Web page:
APPEAL from the Circuit Court of Du Page County; the Hon.
HELEN KINNEY, Judge, presiding.
MR. JUSTICE VAN DEUSEN DELIVERED THE OPINION OF THE COURT:
Rehearing denied April 27, 1981.
Defendant, Tarry S. Leannah, was arrested on June 8, 1977, and charged with aggravated battery and resisting a peace officer. He was released on bail; on July 13 he filed a written demand for a speedy trial.
Under the relevant provisions of the Code of Criminal Procedure of 1963 (Ill. Rev. Stat. 1977, ch. 38, par. 103-5(b)), he was entitled to trial within 160 days from the date he made his speedy trial demand.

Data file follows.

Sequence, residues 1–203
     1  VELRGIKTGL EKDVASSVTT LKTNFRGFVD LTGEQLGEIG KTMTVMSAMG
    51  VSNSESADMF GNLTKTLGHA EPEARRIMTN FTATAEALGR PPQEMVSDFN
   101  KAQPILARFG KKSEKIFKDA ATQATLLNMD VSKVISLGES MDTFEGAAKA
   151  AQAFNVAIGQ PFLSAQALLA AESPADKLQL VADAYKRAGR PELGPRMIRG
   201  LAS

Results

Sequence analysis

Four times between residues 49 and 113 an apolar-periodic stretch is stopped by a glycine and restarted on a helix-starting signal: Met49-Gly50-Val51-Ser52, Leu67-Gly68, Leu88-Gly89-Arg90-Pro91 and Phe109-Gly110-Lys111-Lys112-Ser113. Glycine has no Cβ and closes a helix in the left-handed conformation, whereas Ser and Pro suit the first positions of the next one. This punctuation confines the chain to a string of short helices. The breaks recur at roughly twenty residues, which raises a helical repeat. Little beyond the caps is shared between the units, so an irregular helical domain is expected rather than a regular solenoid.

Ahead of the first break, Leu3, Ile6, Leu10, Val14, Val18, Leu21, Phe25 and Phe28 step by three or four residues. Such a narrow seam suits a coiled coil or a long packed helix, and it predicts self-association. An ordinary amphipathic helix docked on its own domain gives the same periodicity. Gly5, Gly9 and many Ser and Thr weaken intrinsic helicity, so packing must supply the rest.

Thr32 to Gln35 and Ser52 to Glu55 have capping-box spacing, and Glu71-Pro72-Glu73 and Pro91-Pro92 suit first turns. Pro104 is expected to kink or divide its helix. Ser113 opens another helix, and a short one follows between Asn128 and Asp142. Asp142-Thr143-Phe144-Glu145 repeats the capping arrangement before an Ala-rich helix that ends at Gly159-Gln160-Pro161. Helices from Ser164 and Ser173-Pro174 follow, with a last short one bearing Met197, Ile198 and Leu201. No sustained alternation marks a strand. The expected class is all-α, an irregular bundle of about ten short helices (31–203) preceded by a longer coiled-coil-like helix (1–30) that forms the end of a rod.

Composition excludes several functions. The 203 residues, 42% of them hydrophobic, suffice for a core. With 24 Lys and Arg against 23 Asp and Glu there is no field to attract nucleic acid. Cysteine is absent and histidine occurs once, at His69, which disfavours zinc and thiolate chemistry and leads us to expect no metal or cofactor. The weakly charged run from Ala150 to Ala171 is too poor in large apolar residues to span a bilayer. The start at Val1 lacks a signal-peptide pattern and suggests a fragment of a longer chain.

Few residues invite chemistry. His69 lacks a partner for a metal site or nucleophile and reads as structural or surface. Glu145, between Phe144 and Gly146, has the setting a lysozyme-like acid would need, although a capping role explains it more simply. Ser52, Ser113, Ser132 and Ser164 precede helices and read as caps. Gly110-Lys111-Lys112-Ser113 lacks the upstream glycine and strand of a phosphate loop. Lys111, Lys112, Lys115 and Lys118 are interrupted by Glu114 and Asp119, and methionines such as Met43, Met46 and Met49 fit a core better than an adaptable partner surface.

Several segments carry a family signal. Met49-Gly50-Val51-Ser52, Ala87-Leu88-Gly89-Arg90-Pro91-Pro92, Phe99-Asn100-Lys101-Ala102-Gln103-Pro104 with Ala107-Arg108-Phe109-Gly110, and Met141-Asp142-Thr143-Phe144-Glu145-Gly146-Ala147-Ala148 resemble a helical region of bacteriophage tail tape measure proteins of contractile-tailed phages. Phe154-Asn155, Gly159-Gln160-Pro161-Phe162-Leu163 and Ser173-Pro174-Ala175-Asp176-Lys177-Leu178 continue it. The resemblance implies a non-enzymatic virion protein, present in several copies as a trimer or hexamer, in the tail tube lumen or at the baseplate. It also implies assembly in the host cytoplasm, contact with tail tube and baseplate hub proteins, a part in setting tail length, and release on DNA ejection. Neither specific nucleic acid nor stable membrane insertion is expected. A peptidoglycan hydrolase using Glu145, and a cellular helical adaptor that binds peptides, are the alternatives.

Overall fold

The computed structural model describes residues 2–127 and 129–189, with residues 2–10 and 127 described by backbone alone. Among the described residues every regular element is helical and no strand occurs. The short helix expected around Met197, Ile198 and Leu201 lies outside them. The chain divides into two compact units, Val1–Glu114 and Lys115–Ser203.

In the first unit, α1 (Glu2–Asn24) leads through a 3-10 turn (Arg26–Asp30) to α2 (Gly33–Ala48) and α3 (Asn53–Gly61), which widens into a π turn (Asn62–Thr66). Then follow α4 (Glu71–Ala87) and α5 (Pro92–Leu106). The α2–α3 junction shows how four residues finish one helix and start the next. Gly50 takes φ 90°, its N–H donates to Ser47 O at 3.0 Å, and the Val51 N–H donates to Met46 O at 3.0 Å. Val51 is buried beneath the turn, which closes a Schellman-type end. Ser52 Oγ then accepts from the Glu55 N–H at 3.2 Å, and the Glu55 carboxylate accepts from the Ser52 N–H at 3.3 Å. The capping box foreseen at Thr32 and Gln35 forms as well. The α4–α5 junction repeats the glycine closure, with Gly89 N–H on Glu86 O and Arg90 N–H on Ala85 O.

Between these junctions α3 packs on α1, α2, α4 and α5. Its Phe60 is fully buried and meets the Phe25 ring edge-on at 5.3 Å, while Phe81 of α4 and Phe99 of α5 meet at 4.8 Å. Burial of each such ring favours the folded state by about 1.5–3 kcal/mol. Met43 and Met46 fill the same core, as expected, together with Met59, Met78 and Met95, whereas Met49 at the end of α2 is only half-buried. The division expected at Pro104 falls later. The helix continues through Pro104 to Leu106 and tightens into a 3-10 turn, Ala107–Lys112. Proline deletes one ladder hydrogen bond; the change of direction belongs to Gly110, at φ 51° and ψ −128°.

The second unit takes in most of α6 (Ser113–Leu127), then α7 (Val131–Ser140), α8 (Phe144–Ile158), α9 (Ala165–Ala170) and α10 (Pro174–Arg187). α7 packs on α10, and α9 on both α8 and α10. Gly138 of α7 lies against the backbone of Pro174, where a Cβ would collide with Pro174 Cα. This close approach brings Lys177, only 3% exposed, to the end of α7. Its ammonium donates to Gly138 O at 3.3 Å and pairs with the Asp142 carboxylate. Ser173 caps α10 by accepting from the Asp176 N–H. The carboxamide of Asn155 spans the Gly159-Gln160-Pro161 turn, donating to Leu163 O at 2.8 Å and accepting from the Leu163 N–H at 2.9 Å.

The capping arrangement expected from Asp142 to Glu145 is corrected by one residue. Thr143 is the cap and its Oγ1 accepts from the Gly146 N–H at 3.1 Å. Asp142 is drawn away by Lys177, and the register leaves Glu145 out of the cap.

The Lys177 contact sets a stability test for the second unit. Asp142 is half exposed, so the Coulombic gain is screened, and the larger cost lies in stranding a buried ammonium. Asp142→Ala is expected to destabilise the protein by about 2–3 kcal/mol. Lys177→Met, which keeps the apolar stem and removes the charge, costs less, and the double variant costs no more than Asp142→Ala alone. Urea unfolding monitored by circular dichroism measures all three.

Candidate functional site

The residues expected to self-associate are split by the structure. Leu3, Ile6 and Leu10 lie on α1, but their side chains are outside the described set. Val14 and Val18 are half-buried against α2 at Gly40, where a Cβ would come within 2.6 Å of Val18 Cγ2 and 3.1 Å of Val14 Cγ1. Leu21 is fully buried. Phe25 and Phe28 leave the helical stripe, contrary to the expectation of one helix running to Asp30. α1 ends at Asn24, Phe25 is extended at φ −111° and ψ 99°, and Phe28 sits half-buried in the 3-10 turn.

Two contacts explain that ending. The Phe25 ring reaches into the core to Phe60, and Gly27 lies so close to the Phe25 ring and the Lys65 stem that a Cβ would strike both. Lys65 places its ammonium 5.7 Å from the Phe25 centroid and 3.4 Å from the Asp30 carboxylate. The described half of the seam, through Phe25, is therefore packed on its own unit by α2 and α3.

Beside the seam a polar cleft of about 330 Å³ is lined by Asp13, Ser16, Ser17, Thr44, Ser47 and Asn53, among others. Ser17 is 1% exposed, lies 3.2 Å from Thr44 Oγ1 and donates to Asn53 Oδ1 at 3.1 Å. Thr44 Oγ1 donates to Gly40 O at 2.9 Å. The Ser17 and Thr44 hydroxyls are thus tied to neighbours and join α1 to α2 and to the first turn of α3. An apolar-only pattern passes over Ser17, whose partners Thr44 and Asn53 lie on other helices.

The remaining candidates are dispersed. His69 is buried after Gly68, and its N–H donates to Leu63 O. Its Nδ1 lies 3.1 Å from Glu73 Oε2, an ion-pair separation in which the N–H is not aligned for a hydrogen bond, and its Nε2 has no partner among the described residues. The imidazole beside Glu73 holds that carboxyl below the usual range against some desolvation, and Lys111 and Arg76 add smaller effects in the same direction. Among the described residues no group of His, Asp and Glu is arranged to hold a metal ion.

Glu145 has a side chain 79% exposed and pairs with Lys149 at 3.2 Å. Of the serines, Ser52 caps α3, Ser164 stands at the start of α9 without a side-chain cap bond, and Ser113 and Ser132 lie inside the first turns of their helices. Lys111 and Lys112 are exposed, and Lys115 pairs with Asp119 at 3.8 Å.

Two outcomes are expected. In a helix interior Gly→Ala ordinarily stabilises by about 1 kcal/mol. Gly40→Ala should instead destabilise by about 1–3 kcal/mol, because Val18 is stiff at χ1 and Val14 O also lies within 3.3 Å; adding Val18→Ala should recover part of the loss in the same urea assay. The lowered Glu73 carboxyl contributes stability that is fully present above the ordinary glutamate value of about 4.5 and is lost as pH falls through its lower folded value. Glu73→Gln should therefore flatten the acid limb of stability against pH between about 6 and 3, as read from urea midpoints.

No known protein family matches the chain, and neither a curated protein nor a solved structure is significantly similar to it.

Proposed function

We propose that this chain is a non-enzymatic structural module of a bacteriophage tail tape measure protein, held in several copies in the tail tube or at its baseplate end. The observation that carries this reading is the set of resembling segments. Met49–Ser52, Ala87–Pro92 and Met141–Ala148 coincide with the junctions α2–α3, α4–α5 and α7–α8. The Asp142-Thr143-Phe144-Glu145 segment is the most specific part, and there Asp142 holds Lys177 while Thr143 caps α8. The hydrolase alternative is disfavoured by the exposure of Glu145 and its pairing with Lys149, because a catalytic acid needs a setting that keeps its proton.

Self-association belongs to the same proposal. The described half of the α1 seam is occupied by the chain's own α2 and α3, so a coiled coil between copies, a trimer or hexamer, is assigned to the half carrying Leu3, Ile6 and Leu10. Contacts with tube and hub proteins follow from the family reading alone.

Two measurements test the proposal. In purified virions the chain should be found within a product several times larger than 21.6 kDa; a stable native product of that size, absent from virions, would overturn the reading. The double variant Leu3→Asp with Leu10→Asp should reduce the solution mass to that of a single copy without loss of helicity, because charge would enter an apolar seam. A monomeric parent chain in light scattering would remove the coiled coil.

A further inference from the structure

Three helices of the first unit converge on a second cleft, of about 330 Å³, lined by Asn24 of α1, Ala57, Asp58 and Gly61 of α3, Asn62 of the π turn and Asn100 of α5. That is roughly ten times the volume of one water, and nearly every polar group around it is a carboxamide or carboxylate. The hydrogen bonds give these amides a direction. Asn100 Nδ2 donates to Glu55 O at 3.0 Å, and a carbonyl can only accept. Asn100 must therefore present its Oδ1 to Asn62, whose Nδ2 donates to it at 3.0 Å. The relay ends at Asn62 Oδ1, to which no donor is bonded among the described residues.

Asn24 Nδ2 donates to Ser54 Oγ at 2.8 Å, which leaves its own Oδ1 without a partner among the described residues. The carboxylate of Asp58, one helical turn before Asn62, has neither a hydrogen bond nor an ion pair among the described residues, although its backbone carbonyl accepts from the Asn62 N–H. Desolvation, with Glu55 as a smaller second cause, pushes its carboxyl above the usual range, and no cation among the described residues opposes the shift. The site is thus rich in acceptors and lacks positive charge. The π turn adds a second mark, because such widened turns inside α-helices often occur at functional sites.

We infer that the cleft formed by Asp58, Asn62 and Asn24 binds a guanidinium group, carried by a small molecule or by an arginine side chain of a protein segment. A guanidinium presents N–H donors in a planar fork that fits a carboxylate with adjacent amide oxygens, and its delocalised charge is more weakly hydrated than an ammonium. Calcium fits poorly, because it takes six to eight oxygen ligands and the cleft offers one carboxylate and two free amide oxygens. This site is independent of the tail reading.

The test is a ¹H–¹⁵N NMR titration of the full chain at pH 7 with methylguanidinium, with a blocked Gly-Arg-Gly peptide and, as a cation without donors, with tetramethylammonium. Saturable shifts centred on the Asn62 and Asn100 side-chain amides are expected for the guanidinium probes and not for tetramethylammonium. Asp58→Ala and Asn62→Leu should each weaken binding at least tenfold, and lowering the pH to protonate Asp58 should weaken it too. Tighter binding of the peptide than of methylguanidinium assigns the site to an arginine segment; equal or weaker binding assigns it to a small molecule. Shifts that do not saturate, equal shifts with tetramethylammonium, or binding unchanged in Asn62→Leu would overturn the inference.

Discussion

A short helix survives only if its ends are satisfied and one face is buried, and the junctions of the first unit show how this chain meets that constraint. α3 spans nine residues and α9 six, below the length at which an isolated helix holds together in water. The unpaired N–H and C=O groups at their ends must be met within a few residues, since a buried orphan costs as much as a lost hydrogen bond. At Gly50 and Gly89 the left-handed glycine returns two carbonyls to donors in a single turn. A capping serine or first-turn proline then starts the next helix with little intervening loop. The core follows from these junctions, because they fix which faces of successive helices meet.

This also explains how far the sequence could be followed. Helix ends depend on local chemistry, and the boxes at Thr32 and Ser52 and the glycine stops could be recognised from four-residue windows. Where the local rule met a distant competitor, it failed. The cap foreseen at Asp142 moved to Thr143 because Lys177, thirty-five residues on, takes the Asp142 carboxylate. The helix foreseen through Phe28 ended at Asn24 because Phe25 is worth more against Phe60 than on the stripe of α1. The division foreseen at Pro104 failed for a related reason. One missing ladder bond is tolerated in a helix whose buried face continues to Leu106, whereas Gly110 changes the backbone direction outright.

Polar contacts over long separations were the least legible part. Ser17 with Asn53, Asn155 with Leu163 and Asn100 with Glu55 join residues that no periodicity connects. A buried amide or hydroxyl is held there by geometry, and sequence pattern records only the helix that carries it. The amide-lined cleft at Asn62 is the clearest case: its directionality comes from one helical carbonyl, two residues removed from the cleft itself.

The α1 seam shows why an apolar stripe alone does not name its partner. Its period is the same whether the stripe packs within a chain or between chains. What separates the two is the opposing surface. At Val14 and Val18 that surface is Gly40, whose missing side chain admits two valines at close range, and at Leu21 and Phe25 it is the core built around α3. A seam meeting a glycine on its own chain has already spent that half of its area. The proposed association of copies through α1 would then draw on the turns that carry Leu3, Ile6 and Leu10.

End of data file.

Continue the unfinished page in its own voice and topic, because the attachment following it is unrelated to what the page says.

On December 15, 1977, the 154th day from the date of demand for trial, at a final court appearance held prior to the trial then set for December 19, 1977, the defendant moved to dismiss the charges against him on the ground that the State had failed to comply with discovery orders. On December 16 the court heard the motion, passed upon it, and dismissed the charges. The State appealed, and this court reversed and remanded the cause. (People v. Leannah (1979), 72 Ill. App.3d 504.) The mandate was issued by this court on August 29, 1979, and filed with the trial court on September 4, 1979. On October 3, the State gave notice that it would appear on October 11 to move to set the cause for trial, and, on October 5, the defendant gave notice through his attorney that he would appear on October 11 and move for dismissal for expiration of the 160-day speedy trial term. The defendant was not in custody nor held to bail subsequent to the dismissal of the charges against him on December 16, 1977. The trial court held that the period from December 15, 1977, the date upon which the defendant moved to dismiss the charges, and September 4, 1979, the date the mandate of the appellate court was filed in the trial court, was delay occasioned by the defendant and that, therefore, the provisions of section 103-5(f) of the Code of Criminal Procedure of 1963 (Ill. Rev. Stat. 1977, ch. 38, par. 103-5(f)) were controlling. Applying the provisions of section 103-5(f), the trial court determined that only six days remained of the 160-day trial term and that, even if the State was granted an additional 21 days permitted under said subparagraph f, the speedy-trial term of 160 days would have expired on October 1, 1979, and again dismissed the charges against the defendant. The State again appeals. • 1 The trial court erred in dismissing the charges against the defendant pursuant to the 160-day speedy trial provisions of section 103-5(b) and (f) of the Code of Criminal Procedure of 1963 (Ill. Rev. Stat. 1977, ch. 38, par. 103-5(b) and (f)) for two reasons. First, subparagraph f of said section 103-5 is not applicable because there was no delay caused by the defendant. The trial court disposed of the defendant's motion for dismissal, made on December 15, 1977, on the following day, December 16, 1977. The trial was not scheduled to begin until December 19, 1977. Thus, the defendant's motion of December 15, 1977, having been disposed of in one day and prior to the trial date, caused no actual delay. (People v. Cichanski (1980), 81 Ill. App.3d 619, 621; People v. Bevis (1980), 89 Ill. App.3d 344, 345-46.) The fact that the trial court ruled in favor of the defendant and discharged him cannot be construed as delay occasioned by the defendant.